The District is dealing with an unprecedented public health and economic crisis. A historic number of Washingtonians have lost their jobs and have no idea when they’ll be able to work again. More than 66,000 DC residents have filed for unemployment insurance (UI) to replace a portion of their income, though only a third of those claims have been processed. Thousands more cash workers and undocumented immigrants are excluded from unemployment and the accompanying $600 Federal benefit. These new employment numbers compound an ongoing housing crisis that District leaders have stoked for decades. DC’s housing policy – giving taxpayer dollars to wealthy developers – has produced an artificially inflated housing market driven by corporate greed and marked by economic racism. Paying rent in DC, which strained nearly half of DC renters under normal circumstances, has become impossible for many. It is essential that we lift the economic burden of survival from the shoulders of everyday people and place it on the large developers and institutional banks that are receiving taxpayer money to carry it.
DC’s eviction moratorium will not protect anyone when the ban lifts. DC already has one of the highest rates per capita of homelessness in the nation; we cannot afford to send more people to the streets. To prevent a wave of evictions when the courts reopen, DC must enact comprehensive rent and mortgage forgiveness for all people experiencing an economic hardship for the duration of the COVID-19 pandemic and for one month post emergency. Rent cancellation is gaining steam around the country. The DC Tenants Union and NY State Senator Mike Gianaris are pushing for similar reforms. Advocates in New York and Philadelphia are organizing a rent strike beginning May 1st, and just today, Representative Ilhan Omar introduced a bill in Congress to cancel rent and mortgage payments during the crisis. Helping people with the most to lose first isn’t radical – it’s common sense.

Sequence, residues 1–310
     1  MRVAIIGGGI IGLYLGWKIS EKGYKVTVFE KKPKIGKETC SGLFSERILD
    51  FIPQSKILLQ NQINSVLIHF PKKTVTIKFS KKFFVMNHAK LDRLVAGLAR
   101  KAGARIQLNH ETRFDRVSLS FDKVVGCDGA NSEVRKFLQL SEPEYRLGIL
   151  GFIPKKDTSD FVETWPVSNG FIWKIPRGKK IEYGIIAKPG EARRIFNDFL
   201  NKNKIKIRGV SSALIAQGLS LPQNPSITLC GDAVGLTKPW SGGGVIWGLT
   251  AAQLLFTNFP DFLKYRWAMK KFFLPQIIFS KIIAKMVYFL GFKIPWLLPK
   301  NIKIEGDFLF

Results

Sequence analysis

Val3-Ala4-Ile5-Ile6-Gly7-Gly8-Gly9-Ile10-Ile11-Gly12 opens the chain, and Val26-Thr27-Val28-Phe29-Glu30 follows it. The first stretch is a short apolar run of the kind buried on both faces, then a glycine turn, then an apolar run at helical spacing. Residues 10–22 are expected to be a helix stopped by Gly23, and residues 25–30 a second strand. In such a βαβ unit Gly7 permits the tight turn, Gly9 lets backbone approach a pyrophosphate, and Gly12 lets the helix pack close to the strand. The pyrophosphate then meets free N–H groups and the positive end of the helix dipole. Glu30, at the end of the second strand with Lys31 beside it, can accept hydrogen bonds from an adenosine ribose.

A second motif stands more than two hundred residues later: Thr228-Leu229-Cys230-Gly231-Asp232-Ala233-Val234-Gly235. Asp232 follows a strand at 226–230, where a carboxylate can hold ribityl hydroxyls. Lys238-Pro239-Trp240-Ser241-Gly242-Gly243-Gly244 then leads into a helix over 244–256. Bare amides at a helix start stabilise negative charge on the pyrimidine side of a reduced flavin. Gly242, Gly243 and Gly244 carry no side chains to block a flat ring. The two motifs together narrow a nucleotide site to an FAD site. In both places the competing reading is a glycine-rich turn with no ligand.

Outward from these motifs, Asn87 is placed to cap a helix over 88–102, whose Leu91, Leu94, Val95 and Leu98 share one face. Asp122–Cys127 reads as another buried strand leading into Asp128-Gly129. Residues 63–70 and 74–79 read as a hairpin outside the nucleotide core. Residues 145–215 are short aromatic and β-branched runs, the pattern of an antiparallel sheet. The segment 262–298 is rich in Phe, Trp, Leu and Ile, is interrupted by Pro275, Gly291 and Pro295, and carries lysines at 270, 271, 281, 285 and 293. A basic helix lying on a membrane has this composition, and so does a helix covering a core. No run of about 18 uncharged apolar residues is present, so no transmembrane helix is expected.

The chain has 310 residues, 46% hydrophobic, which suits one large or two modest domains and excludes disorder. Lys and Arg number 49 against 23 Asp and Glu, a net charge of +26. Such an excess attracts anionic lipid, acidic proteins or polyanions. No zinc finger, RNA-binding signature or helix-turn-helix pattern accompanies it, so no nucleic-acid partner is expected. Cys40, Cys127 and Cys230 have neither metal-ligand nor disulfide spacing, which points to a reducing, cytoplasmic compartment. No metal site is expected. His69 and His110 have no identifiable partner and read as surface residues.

Furthermore, all essential workers risking their lives for the rest of us during this crisis should receive the same benefit. These workers are at increased risk of developing health issues related to the pandemic, yet ironically are paid some of the lowest wages in the District. The crippling cost of illness in America due to our broken healthcare system should not be borne by the people on the front lines of relief effort.
Multi-million dollar developers, and the banks that hold their mortgages, should absorb the costs of lost rents. These developers, many based outside of DC, have already received hundreds of millions of dollars in local taxpayer subsidies. It’s these corporations, not individual people, who should be negotiating repayment. Further, there are existing mechanisms in place for large developers to borrow money with favorable deferments and repayment agreements to cover rent losses. The financial institutions lending this money are receiving trillions of public relief dollars from the Federal government. Our taxpayer dollars are propping up this corporate safety net – we should be protected in return. The District needs to decide once and for all whether corporations losing revenue is worse than human beings losing their homes. Finally, the District must create a mechanism that allows small landlords to apply to the local government for lost rent relief. Federal relief money should be directed to those people and small businesses who need it most. Poor and working-class people are bearing the health consequences of the pandemic; corporations must bear the economic ones.